U.S. President Joe Biden appointed Duke University engineering professor Missy Cummings to a senior advisory position for the National Highway Traffic Safety Administration. Cumming studies autonomous systems and has been especially critical of Tesla’s driver assist programs, Autopilot and Full Self-Driving (FSD).
This sparked considerable backlash among Tesla’s supporters, who referred to Cummings as “the hired gun of the Luddites of mediocrity” in the below YouTube video. A petition calling for the review of her appointment had almost 24,000 signatures as of October 23, 2021.
Cummings was especially accused of a potential conflict of interest since she serves on the Swedish driver-assist company Veoneer’s board of directors. NHTSA spokesperson Lucia Sanchez told CNN Business only that any possible conflicts of interests would be resolved before Cummings starts her duties at the NHTSA.
Elon Musk especially referred to Cummings as “extremely biased,” to which she said only that she would be willing to discuss the issue with him at any time. In the wake of backlash on Twitter, Cummings switched her Twitter account to private, and then deleted it altogether.
Although she says she supports Tesla for the most part, she said in the below interview that Tesla has “problems with Autopilot and Full Self-Driving.”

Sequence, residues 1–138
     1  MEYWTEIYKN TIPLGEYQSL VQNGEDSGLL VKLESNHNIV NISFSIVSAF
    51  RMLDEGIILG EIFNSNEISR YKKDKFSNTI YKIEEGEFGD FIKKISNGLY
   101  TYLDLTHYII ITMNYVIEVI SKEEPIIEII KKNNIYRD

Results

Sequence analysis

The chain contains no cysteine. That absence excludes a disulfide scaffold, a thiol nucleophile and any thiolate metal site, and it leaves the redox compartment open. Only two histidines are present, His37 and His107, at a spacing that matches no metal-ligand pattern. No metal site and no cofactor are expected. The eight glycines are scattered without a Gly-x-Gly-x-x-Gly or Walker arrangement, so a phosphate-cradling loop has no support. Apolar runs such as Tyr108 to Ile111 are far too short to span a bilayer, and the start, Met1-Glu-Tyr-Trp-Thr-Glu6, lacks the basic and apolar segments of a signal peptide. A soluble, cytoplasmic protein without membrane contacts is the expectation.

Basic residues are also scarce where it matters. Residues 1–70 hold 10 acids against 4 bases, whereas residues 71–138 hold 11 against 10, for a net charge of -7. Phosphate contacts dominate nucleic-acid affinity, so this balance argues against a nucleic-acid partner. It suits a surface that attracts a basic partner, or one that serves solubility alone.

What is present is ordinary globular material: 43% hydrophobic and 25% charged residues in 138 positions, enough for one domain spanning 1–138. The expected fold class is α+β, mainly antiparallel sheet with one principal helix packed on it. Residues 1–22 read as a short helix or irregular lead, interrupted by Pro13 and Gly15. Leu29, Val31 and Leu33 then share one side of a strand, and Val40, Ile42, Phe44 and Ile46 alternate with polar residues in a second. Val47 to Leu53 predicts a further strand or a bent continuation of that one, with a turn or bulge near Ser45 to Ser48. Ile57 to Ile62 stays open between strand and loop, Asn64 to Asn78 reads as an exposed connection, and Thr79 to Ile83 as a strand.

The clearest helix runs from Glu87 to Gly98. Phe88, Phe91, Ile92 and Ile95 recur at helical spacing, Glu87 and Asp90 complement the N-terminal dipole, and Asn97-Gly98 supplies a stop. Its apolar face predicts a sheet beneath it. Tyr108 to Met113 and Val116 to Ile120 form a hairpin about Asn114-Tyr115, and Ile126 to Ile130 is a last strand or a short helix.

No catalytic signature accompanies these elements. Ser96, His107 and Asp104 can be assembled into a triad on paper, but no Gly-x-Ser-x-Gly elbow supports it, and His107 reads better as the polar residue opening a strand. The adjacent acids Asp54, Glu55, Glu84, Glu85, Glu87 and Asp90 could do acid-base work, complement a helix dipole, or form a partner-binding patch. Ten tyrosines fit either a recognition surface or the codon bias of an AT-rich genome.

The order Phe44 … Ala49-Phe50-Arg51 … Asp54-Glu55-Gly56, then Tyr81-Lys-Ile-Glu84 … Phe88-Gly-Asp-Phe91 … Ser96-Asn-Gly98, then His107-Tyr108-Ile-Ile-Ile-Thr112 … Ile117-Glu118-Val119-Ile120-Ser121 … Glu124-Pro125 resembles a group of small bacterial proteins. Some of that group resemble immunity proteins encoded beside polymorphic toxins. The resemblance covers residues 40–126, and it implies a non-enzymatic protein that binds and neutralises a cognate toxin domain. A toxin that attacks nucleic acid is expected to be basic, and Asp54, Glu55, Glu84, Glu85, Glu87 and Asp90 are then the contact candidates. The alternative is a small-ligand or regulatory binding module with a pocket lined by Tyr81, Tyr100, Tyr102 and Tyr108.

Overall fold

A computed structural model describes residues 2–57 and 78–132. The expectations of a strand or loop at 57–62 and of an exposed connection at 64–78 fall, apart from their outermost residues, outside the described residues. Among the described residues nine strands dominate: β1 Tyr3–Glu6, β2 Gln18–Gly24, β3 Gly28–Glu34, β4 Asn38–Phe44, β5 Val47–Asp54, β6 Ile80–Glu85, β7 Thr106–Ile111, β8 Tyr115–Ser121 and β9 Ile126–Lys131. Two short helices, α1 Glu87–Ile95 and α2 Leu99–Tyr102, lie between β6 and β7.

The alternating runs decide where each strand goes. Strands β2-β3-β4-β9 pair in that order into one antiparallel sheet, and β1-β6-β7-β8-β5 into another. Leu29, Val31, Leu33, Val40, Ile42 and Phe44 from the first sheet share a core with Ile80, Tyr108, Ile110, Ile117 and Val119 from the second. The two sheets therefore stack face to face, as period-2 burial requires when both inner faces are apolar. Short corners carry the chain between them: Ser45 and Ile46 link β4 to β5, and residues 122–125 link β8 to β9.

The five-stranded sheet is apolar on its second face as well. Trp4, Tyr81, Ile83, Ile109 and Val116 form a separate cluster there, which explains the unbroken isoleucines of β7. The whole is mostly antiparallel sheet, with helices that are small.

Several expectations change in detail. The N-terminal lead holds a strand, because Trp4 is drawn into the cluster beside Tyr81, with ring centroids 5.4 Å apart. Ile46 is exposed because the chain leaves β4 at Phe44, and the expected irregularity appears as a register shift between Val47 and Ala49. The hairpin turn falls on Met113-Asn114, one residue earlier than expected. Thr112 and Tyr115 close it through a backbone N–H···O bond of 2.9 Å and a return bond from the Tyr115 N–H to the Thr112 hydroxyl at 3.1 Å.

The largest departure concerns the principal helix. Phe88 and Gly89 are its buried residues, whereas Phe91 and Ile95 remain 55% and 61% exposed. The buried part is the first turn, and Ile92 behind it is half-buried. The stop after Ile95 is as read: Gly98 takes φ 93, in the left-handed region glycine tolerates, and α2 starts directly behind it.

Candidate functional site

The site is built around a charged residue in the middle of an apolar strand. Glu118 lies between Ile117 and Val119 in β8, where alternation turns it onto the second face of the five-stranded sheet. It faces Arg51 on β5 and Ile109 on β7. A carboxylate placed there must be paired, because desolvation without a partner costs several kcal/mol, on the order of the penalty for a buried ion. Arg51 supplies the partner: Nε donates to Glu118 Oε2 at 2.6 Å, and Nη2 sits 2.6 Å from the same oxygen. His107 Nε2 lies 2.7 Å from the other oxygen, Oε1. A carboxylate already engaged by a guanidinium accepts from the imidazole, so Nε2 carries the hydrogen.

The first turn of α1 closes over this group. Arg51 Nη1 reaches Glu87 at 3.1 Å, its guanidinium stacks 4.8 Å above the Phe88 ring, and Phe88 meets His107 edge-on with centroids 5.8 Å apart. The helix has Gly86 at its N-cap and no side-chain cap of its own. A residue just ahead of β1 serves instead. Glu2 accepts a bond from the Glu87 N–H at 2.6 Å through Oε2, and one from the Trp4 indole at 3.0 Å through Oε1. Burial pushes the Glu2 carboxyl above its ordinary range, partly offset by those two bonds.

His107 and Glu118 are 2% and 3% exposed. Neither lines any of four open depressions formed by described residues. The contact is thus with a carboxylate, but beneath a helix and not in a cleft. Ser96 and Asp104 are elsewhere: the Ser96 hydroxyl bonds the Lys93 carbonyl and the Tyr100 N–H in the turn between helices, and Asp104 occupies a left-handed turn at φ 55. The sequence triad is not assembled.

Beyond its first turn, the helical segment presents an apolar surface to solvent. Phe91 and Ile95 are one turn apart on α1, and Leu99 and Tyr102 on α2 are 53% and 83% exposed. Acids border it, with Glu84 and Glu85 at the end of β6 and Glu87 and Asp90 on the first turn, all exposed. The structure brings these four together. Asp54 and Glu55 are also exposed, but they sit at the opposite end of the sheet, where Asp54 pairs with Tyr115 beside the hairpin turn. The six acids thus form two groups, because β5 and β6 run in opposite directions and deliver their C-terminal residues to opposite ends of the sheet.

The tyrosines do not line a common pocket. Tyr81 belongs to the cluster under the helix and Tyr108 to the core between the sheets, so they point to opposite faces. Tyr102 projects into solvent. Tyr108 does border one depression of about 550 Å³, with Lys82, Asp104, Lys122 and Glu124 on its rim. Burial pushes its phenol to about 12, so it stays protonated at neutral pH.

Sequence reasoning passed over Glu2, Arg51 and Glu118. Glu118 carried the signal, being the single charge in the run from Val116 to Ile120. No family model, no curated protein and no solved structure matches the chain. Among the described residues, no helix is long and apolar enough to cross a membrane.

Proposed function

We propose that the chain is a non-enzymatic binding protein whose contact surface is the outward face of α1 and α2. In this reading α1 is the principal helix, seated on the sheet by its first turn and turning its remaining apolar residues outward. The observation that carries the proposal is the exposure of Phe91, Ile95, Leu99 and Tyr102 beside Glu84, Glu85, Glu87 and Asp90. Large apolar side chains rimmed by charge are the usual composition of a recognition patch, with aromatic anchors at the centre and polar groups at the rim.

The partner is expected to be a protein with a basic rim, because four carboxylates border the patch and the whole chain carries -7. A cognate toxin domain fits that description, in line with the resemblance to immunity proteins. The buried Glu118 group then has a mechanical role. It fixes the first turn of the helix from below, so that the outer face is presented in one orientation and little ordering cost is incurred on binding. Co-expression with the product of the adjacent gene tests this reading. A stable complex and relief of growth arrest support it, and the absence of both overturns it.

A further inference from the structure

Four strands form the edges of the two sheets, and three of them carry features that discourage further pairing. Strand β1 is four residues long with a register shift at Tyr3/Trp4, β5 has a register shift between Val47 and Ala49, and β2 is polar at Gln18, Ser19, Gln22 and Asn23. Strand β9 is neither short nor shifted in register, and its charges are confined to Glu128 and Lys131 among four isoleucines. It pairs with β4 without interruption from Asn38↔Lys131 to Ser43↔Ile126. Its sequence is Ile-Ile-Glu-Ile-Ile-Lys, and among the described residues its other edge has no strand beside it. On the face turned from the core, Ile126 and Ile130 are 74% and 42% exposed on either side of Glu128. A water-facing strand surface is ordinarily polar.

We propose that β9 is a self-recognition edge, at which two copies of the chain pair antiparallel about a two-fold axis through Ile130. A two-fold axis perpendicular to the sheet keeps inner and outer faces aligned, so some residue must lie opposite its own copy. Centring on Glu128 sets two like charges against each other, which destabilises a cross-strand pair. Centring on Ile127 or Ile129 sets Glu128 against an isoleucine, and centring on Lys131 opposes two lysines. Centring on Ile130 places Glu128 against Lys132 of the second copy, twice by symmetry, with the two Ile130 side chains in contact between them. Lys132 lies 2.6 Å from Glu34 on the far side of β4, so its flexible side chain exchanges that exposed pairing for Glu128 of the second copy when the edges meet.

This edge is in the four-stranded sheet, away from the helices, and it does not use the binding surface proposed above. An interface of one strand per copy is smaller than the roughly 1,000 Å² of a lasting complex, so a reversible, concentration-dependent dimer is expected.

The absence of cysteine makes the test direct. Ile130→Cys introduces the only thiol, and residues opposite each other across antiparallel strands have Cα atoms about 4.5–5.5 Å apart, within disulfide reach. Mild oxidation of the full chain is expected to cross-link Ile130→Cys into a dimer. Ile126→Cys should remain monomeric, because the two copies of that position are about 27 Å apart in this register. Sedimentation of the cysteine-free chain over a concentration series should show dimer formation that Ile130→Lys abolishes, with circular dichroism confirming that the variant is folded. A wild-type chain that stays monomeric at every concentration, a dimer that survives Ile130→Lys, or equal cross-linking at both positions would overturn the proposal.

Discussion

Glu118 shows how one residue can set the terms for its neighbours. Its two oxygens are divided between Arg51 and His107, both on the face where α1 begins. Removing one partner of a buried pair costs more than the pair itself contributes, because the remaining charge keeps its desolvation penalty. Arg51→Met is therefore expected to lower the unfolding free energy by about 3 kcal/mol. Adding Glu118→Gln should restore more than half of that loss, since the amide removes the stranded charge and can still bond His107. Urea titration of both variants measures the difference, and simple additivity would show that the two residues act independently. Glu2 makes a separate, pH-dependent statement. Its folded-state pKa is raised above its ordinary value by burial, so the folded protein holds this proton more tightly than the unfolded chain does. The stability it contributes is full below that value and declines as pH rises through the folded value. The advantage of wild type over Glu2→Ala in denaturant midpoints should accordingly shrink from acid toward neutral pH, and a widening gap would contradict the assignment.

She said that Autopilot should only be used on the roads for which it is designed. The National Transportation Safety Board is currently investigating a series of crashes that may have involved Tesla vehicles with Autopilot engaged.
On the flip side, Tesla’s driver assist programs are not always at fault when there is a crash involving a Tesla vehicle. An NTSB investigation of a fatal wreck involving a Tesla Model S in April showed that the driver is likely to have been in control at the time of the wreck. Tesla typically recommends that Tesla owners keep their hands on the wheel (or steering yoke, with some model updates) and stay alert while using Autopilot or Full Self-Driving.
Elon Musk also admitted that he had Tesla prioritize the development of Autopilot after one crash involving a Tesla that killed a bicyclist. The driver admitted having fallen asleep at the wheel in court testimony in a case in which he claimed that the vehicle’s “new car smell” lulled him to sleep.
He can point to recent data showing that the use of Autopilot may be a contributing factor in lowering the number of crashes per mile, which may be attractive to drivers who use stretches of highway that are notorious for accidents. Some sections of I-4 in Florida can see some bad accidents and delays due to one or more crashed vehicles, for instance.
However, Cummings said, names like Autopilot and Full Self-Driving can create the illusion that Tesla’s software is more capable than it really is and can lull drivers into a sense of complacency.
“If you’re being told your car has a full self-driving chip and how many of us read the fine print? It’s easy to see how people can develop these incorrect mental models about what their car can do,” she said.
However, this hasn’t necessarily reassured Tesla enthusiasts who oppose any regulations that could prevent Tesla from getting its driver assist programs up to Level 5 on the Society of Automotive Engineers’ (SAE) five-level scale of a vehicle’s autonomy. Level 5 would only require a maximum of one user input for every million miles driven.